Basic Rights Oregon is deeply saddened over the death of Jessi Hart, a white 42-year-old transgender woman killed in Banks, Oregon. Police found Jessi’s body on Oct. 17, in the woods outside Banks, a small town about 25 miles west of Portland, Oregon.
Detectives suspect foul play in her death and believe she had died about two weeks before authorities found her body. Hart’s death is at least the 43rd violent killing of a transgender or gender-diverse person in 2021. We say “at least” because too often, these deaths go unreported — or misreported.
Washington County Sheriff’s Office asks that anyone who had contact with her in the past few months come forward to speak with investigators.
Last year, at least 44 transgender people lost their lives to violence in the United States, most of whom were transgender women of color. Among the 44 U.S. deaths in 2020 was Portland resident Aja Raquell Rhone-Spears. More than 350 trans and non-binary people have been killed worldwide, the large majority of whom were trans women and transfeminine people.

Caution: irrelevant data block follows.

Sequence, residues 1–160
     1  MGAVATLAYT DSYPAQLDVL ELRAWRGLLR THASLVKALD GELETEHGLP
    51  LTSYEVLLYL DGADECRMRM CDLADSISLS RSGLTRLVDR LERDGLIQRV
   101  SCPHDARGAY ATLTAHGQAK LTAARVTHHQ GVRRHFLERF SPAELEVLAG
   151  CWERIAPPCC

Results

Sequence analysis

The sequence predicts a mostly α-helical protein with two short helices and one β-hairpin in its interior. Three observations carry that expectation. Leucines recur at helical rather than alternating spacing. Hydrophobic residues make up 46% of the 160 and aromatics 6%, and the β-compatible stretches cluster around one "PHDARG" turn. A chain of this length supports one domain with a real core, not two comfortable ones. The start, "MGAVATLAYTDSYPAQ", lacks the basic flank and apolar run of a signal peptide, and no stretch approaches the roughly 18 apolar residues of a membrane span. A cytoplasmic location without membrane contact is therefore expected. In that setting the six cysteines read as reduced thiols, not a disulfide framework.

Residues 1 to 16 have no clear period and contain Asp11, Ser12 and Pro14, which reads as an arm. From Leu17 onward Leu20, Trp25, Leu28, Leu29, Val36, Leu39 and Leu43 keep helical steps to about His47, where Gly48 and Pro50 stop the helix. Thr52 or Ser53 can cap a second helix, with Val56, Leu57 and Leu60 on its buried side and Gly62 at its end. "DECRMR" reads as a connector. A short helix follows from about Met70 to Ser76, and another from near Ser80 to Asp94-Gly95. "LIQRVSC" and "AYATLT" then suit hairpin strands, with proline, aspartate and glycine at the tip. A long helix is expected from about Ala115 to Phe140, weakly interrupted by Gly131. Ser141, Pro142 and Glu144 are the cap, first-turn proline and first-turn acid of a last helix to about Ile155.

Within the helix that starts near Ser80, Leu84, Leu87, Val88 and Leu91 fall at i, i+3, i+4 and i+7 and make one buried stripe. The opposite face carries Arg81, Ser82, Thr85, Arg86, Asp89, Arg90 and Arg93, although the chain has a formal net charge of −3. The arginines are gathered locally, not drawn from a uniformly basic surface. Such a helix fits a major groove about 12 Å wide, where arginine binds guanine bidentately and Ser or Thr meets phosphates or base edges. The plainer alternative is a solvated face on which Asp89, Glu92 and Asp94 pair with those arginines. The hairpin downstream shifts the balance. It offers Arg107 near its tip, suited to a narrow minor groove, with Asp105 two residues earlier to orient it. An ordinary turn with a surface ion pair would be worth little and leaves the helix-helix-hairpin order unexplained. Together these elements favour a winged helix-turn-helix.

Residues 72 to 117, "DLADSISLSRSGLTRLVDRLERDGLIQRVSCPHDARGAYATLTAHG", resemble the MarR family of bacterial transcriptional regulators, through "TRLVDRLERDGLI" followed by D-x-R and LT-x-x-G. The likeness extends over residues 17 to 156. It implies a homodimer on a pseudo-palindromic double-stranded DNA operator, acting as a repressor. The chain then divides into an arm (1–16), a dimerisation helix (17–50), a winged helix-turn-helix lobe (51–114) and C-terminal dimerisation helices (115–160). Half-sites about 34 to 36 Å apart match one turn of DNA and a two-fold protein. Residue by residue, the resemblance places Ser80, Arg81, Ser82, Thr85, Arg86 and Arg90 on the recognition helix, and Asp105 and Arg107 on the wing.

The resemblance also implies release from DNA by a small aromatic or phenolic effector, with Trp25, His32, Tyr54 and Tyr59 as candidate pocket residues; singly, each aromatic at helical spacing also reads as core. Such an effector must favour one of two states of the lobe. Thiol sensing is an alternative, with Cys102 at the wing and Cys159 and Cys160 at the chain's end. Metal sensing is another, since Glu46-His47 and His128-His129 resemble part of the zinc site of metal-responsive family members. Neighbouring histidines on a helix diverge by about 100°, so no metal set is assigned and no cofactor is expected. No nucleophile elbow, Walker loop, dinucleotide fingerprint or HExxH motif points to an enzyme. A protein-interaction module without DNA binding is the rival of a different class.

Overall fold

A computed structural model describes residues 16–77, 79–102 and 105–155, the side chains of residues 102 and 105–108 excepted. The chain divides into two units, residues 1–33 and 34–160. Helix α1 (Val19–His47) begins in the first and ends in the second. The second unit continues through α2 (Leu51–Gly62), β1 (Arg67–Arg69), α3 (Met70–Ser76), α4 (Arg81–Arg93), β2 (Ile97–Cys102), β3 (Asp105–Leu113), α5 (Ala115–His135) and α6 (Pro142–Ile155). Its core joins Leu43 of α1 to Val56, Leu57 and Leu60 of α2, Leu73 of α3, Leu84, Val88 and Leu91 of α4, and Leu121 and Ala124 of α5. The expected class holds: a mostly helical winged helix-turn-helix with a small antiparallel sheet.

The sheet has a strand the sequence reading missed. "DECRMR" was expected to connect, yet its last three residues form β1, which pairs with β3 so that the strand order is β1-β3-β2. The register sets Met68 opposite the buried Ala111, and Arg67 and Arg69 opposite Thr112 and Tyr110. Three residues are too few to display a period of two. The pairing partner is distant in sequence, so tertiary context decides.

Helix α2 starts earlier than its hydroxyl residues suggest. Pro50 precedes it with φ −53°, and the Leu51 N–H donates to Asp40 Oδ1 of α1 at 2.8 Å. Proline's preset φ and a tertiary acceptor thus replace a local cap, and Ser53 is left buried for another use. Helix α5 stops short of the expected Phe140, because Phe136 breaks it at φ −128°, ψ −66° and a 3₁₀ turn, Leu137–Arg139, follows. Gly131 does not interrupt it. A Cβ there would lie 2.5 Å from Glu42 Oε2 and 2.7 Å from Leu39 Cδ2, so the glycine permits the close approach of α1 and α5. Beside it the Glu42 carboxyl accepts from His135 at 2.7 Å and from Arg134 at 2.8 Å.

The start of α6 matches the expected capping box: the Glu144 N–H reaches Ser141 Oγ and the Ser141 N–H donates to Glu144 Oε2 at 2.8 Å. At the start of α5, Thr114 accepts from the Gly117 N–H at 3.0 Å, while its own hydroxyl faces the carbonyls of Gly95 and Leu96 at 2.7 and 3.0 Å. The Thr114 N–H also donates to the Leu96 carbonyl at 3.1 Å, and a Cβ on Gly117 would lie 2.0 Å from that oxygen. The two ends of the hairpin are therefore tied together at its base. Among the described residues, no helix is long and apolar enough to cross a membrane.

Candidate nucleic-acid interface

In Oregon, transgender and gender nonconforming people are explicitly protected from discrimination in employment, housing, education and public spaces. Our state also includes sexual orientation and gender identity as protected characteristics in hate crimes law. Earlier this year, we passed the LGBTQ Panic Defense Ban into law.
We are in the middle of an epidemic. The number of homicides against trans and nonconforming people continues to grow each year. In addition to high murder rates, trans and gender-diverse face higher rates of unemployment, poverty, and homelessness, which can put trans people at risk for greater violence.
“Take the time to say Jessi Hart out loud today. Send light and love to the loved ones who are mourning her death. Stand in solidarity with the trans and gender diverse folks working to change the realities that put transgender people at risk of violence. We must all collectively address and dismantle the challenges transgender people face. Until we do, transgender people will continue to face higher rates of discrimination, poverty, homelessness and violence.” — Nancy Haque, Executive Director